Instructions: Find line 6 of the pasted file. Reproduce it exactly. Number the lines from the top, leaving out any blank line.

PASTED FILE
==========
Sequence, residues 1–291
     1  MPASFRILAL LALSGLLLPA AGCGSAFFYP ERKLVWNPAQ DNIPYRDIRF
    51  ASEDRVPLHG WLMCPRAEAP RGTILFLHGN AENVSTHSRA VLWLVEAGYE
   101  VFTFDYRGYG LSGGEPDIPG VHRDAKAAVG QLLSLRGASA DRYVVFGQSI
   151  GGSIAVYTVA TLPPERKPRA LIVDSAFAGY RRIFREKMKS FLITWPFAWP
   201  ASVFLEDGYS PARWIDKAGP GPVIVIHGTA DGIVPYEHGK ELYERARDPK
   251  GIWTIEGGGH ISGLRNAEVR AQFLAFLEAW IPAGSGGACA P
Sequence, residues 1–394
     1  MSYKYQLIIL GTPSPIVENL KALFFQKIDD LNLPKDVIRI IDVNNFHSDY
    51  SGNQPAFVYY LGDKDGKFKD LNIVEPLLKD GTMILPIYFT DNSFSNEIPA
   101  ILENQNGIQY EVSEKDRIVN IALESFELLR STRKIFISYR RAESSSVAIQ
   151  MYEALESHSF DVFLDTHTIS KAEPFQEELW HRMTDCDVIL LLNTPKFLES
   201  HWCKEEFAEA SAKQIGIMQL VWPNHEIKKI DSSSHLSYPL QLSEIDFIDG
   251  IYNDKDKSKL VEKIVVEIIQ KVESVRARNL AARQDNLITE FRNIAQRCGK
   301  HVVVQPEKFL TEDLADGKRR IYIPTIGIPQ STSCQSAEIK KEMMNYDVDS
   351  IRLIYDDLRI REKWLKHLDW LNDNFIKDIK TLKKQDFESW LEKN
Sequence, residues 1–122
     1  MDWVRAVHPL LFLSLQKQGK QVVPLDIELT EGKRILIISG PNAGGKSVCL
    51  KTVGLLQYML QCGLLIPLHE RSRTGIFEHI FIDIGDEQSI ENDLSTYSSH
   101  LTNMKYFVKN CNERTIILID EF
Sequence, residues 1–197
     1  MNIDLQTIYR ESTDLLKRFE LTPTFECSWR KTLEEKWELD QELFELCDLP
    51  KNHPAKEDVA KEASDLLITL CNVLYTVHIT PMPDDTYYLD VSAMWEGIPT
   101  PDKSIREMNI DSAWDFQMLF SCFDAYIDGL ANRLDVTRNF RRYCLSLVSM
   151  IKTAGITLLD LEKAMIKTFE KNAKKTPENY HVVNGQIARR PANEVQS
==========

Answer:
   201  ASVFLEDGYS PARWIDKAGP GPVIVIHGTA DGIVPYEHGK ELYERARDPK